Wage Increase or Retirement Savings?

Dec 15, 2014

SAVE A LITTLE TODAY FOR A LOT TOMORROW

According to the Conference Board of Canada, the average increase in salaries anticipated by employers for 2015 is 2.9%[1]. This is the time of year organizations typically do some planning around wages and benefits and you know your employees are as well.

For a more impactful plan, one which more actively engages your people in their financial health, some organizations are considering using some of the planned wage increase as an additional contribution to a retirement savings plan. For example, if you’re planning on providing a 2.9% increase in pay this year, consider contributing part of the raise in pay to the company retirement program and have your employees contribute a matching contribution.

Even a nominal 1% contribution, matched by your employees, can have a significant impact on your employees’ retirement plan. And, as we’ve seen from many studies on employee engagement and behaviour, you can have a positive impact on employee retention too – and that’s the real long term benefit for the organization. In fact, 97.0% of employees at small to medium-sized companies ranked workplace savings and retirement plans as an important factor in a decision to remain with their employer. Of those employees, 41.0% would consider moving to an employer that had some form of retirement or savings plan[2].

In the following illustration, we have taken an employee earning an the Canadian Average Industrial wage of $48, 250[3] and an annual retirement savings deposit equal to 1.0% employer and a 1.0% employee matching contribution to a registered retirement savings plan for 5 to 25 years with a range of four rates of return over the period. The result would be dramatic for an employee who stays with the plan, and this doesn’t take into account the tax savings on that 2% of pay.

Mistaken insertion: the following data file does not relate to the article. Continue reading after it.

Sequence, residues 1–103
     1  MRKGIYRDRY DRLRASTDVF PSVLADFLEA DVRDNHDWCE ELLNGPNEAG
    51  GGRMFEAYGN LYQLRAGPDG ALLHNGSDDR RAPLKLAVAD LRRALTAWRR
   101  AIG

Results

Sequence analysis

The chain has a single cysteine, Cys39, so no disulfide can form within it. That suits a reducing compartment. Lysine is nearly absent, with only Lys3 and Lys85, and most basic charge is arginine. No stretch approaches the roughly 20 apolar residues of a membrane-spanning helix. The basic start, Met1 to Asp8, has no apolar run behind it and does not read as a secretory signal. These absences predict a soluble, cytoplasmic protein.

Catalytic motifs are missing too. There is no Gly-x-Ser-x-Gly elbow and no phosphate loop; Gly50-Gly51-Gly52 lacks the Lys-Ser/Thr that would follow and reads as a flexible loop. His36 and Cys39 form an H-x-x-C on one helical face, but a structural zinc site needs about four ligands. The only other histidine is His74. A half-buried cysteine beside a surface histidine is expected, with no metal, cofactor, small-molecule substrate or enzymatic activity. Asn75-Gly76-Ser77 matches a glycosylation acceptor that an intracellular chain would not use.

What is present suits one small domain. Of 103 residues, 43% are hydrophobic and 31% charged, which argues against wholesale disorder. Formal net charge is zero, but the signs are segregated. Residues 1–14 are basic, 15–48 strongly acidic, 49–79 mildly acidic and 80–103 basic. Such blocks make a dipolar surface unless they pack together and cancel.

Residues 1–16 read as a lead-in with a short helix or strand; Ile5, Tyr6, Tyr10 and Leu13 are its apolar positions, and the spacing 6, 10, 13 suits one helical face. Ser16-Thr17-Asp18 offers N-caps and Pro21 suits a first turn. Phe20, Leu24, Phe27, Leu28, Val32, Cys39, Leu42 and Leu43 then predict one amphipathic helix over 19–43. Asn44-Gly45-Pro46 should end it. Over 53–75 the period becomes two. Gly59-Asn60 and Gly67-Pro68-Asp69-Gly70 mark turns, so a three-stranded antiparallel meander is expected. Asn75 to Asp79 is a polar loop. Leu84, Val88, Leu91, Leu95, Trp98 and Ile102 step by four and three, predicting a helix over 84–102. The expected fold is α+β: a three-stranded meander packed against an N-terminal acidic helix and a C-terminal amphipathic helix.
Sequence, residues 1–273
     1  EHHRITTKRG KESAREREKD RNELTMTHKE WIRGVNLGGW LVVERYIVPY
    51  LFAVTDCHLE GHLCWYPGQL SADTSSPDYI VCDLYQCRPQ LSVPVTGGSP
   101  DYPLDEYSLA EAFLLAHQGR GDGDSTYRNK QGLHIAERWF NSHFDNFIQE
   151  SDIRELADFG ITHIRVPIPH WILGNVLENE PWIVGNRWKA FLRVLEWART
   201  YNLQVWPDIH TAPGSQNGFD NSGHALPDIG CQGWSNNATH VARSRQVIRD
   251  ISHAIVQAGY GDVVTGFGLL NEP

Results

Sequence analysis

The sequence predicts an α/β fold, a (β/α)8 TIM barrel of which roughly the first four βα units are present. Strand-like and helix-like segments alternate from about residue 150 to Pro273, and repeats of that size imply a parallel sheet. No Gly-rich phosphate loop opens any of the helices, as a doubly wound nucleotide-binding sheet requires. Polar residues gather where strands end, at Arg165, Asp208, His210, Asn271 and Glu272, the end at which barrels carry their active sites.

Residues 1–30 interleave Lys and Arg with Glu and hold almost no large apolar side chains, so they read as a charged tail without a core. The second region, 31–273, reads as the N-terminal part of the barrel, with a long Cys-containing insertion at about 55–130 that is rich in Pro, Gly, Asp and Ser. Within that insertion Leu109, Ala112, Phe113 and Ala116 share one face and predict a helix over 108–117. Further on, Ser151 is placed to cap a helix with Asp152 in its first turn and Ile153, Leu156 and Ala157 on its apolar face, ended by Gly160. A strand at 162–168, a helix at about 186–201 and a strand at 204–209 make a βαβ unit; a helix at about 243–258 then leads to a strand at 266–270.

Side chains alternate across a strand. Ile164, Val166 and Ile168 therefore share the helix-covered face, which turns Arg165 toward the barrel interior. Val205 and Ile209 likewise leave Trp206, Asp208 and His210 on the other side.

ACCUMULATION OF EMPLOYER / EMPLOYEE CONTRIBUTION AT 1%/1%

4%

6%

8%

10%

5 years

$5,436

$5,766

$6,114

$6,481

10 years

$12,049

$13,483

$15,098

$16,918

15 years

$20,096

$23,809

$28,298

$33,726

25 years

$41,796

$56,121

$76,191

$104,395

If you think this strategy might fit your organization and your approach to wages and benefits at this time of the year, we can help ensure it is set up properly and properly communicated to your employees as well.

_______________________________________________________

[1] Conference Board of Canada – Compensation Planning Outlook Survey

[2] Standard Life/Environics Research Group

[3] 2014 Statistics Canada

blog rss subscribe button

GET TO KNOW CRAIG

Jump to:

Place content block here for staff contact info
Place content block here for social media links

PREVIOUS BLOG

Trend – A Second Definition

By Craig Hewson on September 22, 2014

sectionHeaderImg-Blue 

CRAIG'S LATEST BLOG POSTS

Place content block here. Add accent and heading in editor.

How Your Benefits Plan Can Run Like a Ferrari

By Craig Hewson on January 3, 2017

Benefit Plans – The Best Time for a Review

By Craig Hewson on October 13, 2015

Wage Increase or Retirement Savings?

By Craig Hewson on December 16, 2014

Trend – A Second Definition

By Craig Hewson on September 22, 2014

The Importance of Communication

By Craig Hewson on March 24, 2014

Critical Illness Insurance

By Craig Hewson on January 13, 2014

Discovery

By Craig Hewson on July 2, 2013

Group Benefit Utilization

By Craig Hewson on September 24, 2012

How To Spot Value In A Benefits Plan

By Craig Hewson on July 3, 2012

What is a benefit really?

By Craig Hewson on March 19, 2012

Depression in the Workplace

By Craig Hewson on February 20, 2012

GET IN TOUCH WITH CRAIG

Learn how Craig can help with your group benefits.

Phone 604.714.4443, email chewson@trggroup.com or send a message.

Message for Craig